RE: Human origins and doctrine (was Definition of "Species")

From: Adrian Teo (
Date: Wed Feb 27 2002 - 13:33:05 EST

  • Next message: Adrian Teo: "RE: Human origins and doctrine (was Definition of "Species")"

    Hello again, John,

    > -----Original Message-----
    > From: John W Burgeson []
    > Sent: Monday, February 25, 2002 1:44 PM
    > To:
    > Cc:
    > Subject: Re: Human origins and doctrine (was Definition of "Species")
    > Adrian wrote: "Perhaps so. However, one may be tempted to
    > take this line
    > of reasoning and argue that maybe ANY fundamental doctrines
    > of the faith
    > should also be
    > challenged including the Trinity, Christ as man-God, sola
    > Scriptura, etc.
    > Where do we draw the line?"
    > I cannot speak for anyone but myself, but I draw no line; any
    > doctrine is
    > open for challenge. To tuck one away as "I know for a fact
    > that this is
    > so" is to arbitrarily stop thinking at that point. I will not do that.
    > I have always told my students not to turn off their brains
    > when entering
    > the church. I happen to think this position is the only intellectually
    > respectable one to assume.
    > Recommended reading -- The Myth of Certainty, by Daniel Taylor.

    I am reminded of an article by David Snoke published in PSCF years ago, in
    which he argued against the myth of certainty. I am well aware of this line
    of reasoning, but nevertheless, I see a need to draw a line somewhere. If it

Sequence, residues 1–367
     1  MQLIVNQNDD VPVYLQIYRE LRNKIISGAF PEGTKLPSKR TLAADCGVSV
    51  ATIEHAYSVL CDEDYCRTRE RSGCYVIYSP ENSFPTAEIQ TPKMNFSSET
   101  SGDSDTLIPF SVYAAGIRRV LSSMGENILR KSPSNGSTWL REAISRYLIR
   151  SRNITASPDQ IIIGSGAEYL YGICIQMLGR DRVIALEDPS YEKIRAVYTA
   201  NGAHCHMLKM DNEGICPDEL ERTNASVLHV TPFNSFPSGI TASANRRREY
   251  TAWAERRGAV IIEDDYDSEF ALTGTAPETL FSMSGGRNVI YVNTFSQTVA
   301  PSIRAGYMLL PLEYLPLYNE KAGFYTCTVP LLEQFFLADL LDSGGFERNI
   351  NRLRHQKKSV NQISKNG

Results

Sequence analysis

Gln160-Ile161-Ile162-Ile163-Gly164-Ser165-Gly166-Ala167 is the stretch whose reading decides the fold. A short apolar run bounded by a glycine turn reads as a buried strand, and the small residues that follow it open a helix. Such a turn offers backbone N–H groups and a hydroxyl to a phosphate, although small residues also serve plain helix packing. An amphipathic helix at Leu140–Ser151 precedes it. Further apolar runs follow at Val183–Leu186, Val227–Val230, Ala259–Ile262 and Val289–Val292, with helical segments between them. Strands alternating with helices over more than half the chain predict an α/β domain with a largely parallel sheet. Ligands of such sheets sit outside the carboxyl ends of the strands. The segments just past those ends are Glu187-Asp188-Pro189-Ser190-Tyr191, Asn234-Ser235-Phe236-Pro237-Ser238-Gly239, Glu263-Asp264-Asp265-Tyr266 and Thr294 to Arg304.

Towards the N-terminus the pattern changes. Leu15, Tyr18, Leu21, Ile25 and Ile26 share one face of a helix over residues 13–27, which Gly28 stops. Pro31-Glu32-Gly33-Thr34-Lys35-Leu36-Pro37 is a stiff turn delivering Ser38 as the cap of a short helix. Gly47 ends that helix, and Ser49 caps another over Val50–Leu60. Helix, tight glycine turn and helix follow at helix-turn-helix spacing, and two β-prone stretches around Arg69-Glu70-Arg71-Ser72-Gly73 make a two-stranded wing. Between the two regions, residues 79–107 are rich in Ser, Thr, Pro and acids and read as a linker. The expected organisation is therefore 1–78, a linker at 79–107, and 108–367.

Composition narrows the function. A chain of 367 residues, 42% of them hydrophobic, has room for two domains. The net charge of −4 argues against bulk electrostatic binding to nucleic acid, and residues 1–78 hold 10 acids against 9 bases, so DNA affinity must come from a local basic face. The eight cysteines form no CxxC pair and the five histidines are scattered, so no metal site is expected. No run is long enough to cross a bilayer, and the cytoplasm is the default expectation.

is true that we cannot assume anything to be true (certain enough that it
    would be foolish not to believe it), then where do we even begin? Maybe the
    bible is all made up. Maybe all the historical witness to the existence of
    Christ is also made up. Maybe postmodernism is infecting us more than we

    Another point is that even if one were to adopt your open position of
    subjecting everything to reexamination, I think it is unrealistic to expect
    everyone to do so. How many people on this listserv (mostly very bright,
    thoughtful intellectuals) actually sat down and reexamined the principle of
    sola Scriptura, or the doctrine of the Trinity? How many actually took the
    time to read the historical arguments and examined their own
    presuppositions? How many spend time questioning everything that they have
    been tuaght to believe as true? I think it is clear that most people, most
    of the time, do not even question most of their beliefs, and if they did, it
    would lead many to despair.

    Some thoughts of mine for your consideration.

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